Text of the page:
It might have been prompted by the spirit of the season. Then again, election campaigns have been known to loosen the purse strings of many a government seeking a return to power. Regardless, goodies are goodies.
One recently announced by the federal government is an increase in the tax credit applied to dividends from large corporations.
Dividends from Canadian companies qualify for a tax credit that works like this: The dividend is grossed-up by 25 per cent so you actually report 125 per cent of the dividend as income. You then get to claim 13.3 per cent of the grossed-up dividend as a tax credit, which reduces your federal tax payable.
Then, when you add the dividend tax credit offered by each of the provinces, which is usually half the federal amount, the total credit is closer to 20 per cent of the grossed-up amount of the dividend.
The proposed new dividend tax credit bumps the gross-up to 145 per cent of the dividend and the federal tax credit to 19 per cent.
If the provinces increase their dividend tax credit to match the federal move as expected, the combined federal-provincial tax rate will be close to 30 per cent of the grossed-up amount. This all translates into an effective top marginal tax rate on dividends of about 21 per cent compared with the top marginal tax rate on other ordinary income and interest that ranges from a low of 39 per cent in Alberta to a high of 46.4 per cent in Manitoba.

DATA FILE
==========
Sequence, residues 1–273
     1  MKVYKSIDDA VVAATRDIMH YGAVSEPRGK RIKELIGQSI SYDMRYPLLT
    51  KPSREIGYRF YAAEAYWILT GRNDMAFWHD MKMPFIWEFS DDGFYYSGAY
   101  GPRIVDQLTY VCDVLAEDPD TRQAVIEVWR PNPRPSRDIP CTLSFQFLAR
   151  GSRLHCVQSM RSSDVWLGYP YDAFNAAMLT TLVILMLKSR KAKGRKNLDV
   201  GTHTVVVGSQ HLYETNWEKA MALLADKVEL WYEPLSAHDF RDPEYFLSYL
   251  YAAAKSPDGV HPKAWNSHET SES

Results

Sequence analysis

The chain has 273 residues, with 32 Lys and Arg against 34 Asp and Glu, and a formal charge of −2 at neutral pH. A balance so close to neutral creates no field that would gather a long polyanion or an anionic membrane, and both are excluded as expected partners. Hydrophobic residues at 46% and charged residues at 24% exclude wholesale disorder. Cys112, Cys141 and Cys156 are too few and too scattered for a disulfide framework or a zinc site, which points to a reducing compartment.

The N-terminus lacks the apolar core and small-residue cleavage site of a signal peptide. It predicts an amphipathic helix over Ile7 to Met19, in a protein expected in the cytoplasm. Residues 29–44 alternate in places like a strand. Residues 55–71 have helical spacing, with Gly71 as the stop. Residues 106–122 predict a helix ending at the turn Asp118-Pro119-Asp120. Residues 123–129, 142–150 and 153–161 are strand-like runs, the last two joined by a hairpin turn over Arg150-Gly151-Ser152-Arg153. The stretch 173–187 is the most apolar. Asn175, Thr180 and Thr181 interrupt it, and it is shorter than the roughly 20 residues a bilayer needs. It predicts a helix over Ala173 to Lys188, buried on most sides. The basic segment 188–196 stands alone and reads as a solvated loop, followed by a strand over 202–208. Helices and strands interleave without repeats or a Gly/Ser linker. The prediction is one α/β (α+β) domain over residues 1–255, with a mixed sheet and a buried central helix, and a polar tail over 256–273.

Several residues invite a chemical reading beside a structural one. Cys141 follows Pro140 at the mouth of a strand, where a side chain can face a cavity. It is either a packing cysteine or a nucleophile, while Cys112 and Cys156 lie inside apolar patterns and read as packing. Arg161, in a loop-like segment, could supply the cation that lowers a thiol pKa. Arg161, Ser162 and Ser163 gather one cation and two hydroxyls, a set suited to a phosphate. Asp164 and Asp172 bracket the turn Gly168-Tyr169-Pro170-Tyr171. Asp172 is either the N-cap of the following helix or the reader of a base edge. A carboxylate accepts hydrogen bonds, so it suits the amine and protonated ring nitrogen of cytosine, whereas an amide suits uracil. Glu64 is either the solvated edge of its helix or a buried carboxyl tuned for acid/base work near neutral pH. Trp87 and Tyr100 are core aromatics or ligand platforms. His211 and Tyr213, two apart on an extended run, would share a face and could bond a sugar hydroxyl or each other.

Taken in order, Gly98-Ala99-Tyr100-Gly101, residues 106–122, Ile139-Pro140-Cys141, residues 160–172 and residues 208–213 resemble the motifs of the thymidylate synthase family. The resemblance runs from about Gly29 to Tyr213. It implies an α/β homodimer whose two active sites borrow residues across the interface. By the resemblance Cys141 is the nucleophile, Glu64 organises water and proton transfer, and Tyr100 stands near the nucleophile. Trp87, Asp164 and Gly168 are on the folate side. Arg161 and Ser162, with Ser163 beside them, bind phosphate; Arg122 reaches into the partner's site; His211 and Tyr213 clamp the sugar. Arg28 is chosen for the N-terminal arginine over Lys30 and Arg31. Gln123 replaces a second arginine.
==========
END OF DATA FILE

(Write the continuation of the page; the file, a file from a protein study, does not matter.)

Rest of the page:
The new credit will apply only to dividends paid after 2005 by Canadian public corporations and non-Canadian corporations that are residents in Canada and are subject to the general corporate tax rate. The dividends of Canadian controlled private corporations that benefit from the small business tax rate will continue to reflect the previous gross-up and dividend tax credit rates.
Part of the motivation for this move is to create a level playing field between the ways in which dividends and distributions from income trusts are taxed.
In Canada, corporate income is subject to corporate income tax. Dividends are paid out of after-tax corporate dollars to individuals who then must pay personal taxes on the dividends. This, in effect, amounts to double taxation of dividends. Distributions from income trusts, on the other hand, are not taxed at the corporate level but only in the hands of the investor at their appropriate personal marginal tax rate. In other words, such distributions are only taxed once.
In the United States, dividends are taxed only once between the corporation and individual. By increasing the size of the dividend tax credit, total taxes paid by the corporation and the shareholder will be roughly identical for dividends and income trust distributions.